By Daniel Stroe – Bucharest
Romania faces Hungary tonight in a match which many see as a genuine final for second position in group D for the World Cup 2014 qualification but which also has been labeled as a confrontation of two nations due to the hot passion around this sports event.
Bucharest’s downtown area was under siege today after Hungarian fans clashed with the gendarmes before the match. The police had to use tear gas after the fans broke the barrage and started aggressing passers-by and throwing rocks. Apparently the fans got angry after the riot police informed them they had to leave the pub area in Bucharest’s old town in order to be transported to the stadium.
Three Hungarians were taken to a hospital in Bucharest after clashes. A few hours before, gendarmes had to intervene in Gara de Nord, Bucharest’s main railway gate, after the fans turned violent. More than 2.900 Hungarian fans are expected to be on National Arena, but the number is expected to be higher if the Magyar fans in Romania are taken into account.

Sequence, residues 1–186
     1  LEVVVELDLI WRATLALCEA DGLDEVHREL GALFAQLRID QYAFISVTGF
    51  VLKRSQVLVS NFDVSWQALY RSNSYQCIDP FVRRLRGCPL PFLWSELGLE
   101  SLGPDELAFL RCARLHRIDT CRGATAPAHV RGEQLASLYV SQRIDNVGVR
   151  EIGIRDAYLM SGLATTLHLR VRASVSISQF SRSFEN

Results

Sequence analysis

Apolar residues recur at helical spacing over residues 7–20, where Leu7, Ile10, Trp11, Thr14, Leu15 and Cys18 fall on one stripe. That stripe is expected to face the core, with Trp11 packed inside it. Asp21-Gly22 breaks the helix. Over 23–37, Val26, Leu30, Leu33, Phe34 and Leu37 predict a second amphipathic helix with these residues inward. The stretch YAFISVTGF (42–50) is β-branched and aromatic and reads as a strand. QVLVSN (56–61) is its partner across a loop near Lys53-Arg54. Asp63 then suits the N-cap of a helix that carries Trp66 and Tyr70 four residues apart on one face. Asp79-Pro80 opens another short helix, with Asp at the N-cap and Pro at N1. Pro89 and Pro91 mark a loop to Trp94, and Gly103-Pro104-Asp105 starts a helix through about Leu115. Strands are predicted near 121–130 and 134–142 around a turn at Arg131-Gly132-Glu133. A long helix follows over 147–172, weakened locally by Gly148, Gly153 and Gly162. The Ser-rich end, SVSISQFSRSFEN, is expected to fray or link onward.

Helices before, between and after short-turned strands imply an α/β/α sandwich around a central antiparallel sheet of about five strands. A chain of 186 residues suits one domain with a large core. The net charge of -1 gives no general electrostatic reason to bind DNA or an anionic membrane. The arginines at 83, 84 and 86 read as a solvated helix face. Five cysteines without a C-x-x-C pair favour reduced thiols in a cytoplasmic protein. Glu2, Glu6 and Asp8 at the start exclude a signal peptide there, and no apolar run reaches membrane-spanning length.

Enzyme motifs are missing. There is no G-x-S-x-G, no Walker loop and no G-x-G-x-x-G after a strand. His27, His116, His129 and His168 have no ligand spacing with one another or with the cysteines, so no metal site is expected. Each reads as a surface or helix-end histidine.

“Those who have not played in Bucharest yet do not know what to expect” the Hungarian coach Sandor Egervary warned his players about the atmosphere on the stadium.
In the first round, the match, which ended 2-2, was held on a closed stadium in Budapest due to a decision by UEFA which punished the Hungarian Football Federation for anti-Semitic chants by Hungary fans in a friendly at home to Israel on August 15. The match on March 22 ended in street violent protests in Budapest after Romania scored and equalized in the last minutes.
A match which is hostage to history, the American newspaper New York Times also underlined, pointing out the tension and nationalistic passion stirred by the sports confrontation. The match also comes amid a fierce rhetoric between Bucharest and Budapest sparked by a series of statements made by Hungarian politicians in Transylvania this summer in support for the Magyar minority’s quest for autonomy.
The match carries even more weight for the Hungarians who have not qualified for a World Cup in three decades and a European championship in four.